Are patients with coronavirus disease 2019 (COVID-19) at risk for hypercoagulability?

Updated: Jun 16, 2020
  • Author: Medscape Drugs & Diseases; more...
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Answer

Answer

Some patients with coronavirus 2019 (COVID-19) may develop signs of a hypercoagulable state and be at increased risk for venous and arterial thrombosis of large and small vessels. [1] The pathogenesis for COVID-19-associated hypercoagulability remains unknown. However, hypoxia and systemic inflammation secondary to COVID-19 may lead to high levels of inflammatory cytokines and activation of the coagulation pathway.

Common laboratory abnormalities associated with COVID-19 coagulopathy among hospitalized patients include the following [1] :

  • Mild thrombocytopenia

  • Elevated D-dimer levels, which have been strongly associated with greater risk of death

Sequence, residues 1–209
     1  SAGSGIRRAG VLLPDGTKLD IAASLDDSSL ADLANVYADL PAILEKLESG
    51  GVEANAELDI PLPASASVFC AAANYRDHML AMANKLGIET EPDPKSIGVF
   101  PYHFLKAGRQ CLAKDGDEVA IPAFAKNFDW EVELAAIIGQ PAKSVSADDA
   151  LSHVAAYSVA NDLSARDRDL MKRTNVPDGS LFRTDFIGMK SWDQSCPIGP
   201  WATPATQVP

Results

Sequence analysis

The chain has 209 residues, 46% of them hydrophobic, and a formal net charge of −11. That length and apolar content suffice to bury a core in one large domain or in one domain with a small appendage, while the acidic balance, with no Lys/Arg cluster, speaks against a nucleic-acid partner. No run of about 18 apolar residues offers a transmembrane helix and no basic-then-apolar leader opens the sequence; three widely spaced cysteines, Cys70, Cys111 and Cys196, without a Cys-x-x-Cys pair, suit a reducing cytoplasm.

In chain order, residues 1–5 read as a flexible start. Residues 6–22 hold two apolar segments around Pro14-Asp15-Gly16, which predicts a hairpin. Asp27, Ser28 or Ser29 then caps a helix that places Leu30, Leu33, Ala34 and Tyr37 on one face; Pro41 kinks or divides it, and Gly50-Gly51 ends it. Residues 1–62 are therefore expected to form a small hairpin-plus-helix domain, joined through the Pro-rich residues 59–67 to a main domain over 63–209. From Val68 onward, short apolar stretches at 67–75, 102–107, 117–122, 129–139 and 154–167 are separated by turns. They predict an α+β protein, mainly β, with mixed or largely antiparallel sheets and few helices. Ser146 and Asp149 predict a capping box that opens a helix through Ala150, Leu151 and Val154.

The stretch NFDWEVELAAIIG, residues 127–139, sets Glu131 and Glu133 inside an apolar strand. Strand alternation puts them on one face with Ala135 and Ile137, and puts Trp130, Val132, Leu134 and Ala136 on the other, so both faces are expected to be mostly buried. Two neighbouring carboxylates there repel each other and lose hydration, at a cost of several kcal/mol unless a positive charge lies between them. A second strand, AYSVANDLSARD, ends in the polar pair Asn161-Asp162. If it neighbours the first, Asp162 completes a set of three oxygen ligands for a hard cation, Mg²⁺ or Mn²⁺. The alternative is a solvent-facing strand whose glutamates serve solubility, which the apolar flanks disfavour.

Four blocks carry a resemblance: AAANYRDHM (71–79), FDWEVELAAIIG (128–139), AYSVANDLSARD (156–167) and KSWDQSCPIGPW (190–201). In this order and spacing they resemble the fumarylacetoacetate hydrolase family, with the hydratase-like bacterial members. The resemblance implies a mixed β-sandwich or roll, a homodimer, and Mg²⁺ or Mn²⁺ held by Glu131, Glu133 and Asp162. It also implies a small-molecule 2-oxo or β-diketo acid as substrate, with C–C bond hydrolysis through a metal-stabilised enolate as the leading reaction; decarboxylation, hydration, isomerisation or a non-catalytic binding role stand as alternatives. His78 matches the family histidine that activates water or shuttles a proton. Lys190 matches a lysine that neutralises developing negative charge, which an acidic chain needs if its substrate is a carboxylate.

• Increased fibrin degradation products

  • Prolonged prothrombin time

The most frequently reported thrombotic complications in hospitalized patients are deep venous thrombosis and pulmonary embolism. [1] Others include the following:

  • Microvascular thrombosis of the toes

  • Clotting of catheters

  • Myocardial injury with ST-segment elevation

  • Large vessel strokes

Limited data are available to inform clinical management around prophylaxis or treatment of venous thromboembolism in COVID-19 patients.

Several national professional associations provide resources for up-to-date information concerning COVID-19-associated hypercoagulability, including management of anticoagulation. This is a rapidly evolving topic, with new information released often.


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